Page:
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A time of deep soul-searching is fast approaching for Christianity. It should come as no surprise that the past few decades have been particularly difficult ones for institutional churches and ecclesial communions, which have struggled to attract new members and retain old ones. The situation has grown so grim in the Anglican Communion that one of its elder statesmen, Lord George Carey, a former archbishop of Canterbury, warned recently that the Church of England (C of E) is one generation away from extinction. At a November 2013 conference, Lord Carey said that Anglicans should be ashamed of themselves for not investing in young people.
His sentiments were echoed by prominent Anglican columnist A.N. Wilson, who wrote in Londons Telegraph (Nov. 19, 2013) that in each of the more than ten C of E parishes he visited over the preceding year, he had the same experience. At the age of 63, he said, I have been the youngest person present by 20 years. The congregation has seldom numbered double figures. The C of E is a moribund institution kept going by and for old people.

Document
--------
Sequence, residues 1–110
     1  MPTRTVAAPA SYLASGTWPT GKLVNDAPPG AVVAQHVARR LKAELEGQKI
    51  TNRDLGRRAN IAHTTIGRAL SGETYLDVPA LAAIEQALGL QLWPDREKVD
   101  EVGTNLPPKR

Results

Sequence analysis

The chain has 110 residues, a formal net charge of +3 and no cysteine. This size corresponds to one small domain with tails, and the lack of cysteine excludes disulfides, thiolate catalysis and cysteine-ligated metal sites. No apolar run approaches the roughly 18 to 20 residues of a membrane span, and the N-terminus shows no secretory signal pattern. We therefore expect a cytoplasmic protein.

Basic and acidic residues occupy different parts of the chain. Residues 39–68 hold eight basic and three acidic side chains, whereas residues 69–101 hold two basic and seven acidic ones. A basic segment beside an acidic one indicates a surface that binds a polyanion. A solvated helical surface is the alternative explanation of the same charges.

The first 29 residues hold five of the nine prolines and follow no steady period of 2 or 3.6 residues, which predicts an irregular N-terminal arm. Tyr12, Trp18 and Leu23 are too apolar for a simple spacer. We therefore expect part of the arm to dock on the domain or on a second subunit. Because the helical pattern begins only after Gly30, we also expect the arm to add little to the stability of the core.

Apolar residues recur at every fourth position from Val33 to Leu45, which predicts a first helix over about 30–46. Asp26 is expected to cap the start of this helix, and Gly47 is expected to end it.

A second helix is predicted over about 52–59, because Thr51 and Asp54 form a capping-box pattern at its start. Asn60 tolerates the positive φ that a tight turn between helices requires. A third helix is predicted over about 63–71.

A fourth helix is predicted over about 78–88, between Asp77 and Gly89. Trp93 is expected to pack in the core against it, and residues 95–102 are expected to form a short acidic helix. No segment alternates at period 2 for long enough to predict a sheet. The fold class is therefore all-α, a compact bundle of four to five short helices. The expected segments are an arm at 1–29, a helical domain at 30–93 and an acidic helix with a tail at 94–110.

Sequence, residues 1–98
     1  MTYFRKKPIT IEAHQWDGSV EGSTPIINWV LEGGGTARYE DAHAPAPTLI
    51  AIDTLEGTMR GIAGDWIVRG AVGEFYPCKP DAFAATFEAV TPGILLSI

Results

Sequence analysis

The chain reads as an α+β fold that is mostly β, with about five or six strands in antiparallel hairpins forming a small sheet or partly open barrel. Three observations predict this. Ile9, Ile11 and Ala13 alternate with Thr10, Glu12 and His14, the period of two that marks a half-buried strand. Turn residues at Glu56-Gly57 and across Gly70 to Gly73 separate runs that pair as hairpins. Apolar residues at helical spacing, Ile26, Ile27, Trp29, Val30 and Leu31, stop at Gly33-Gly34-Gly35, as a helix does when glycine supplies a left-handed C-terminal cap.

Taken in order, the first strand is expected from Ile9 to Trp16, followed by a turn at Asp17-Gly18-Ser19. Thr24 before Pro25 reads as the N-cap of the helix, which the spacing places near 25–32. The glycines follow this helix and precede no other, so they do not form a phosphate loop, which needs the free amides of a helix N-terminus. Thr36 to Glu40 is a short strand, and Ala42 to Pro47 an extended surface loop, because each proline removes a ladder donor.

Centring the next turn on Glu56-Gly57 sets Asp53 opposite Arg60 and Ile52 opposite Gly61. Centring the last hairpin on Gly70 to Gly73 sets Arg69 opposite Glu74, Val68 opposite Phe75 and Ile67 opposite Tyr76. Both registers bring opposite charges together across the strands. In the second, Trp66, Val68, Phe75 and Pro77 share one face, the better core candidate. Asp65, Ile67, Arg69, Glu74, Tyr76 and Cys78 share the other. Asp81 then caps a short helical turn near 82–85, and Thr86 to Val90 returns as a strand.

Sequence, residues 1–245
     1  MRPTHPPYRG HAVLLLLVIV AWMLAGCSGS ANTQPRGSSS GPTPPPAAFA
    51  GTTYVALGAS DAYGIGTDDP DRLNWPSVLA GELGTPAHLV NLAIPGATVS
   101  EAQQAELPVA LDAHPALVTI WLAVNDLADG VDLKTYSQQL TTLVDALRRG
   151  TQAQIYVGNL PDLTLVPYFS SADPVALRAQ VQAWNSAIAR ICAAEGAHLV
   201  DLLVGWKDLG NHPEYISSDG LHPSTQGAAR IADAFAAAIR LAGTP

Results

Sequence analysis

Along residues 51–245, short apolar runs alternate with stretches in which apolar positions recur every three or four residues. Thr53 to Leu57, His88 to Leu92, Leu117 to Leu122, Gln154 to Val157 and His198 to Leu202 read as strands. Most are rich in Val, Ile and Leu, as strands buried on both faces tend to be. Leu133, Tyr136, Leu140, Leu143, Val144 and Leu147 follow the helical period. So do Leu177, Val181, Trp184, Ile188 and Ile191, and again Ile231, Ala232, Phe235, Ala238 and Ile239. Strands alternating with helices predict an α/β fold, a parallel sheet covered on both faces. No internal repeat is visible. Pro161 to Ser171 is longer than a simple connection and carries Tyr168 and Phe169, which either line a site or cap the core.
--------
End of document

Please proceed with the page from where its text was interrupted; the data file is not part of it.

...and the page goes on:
Things are equally dire in the Church of Englands U.S. counterpart, the Episcopal Church (TEC). As reported in Incredible Shrinking Churches (New Oxford Notes, Dec. 2011), since 2003 TEC has lost over three hundred thousand members. According to research conducted by David Virtue, a veteran analyst of all things Anglican, nearly one-third of all Episcopal parishes are populated by parishioners in their mid-60s, with virtually no young people to fill the gap. Virtue predicts that in a quarter century, there will no longer be anyone attending an Episcopal Church.
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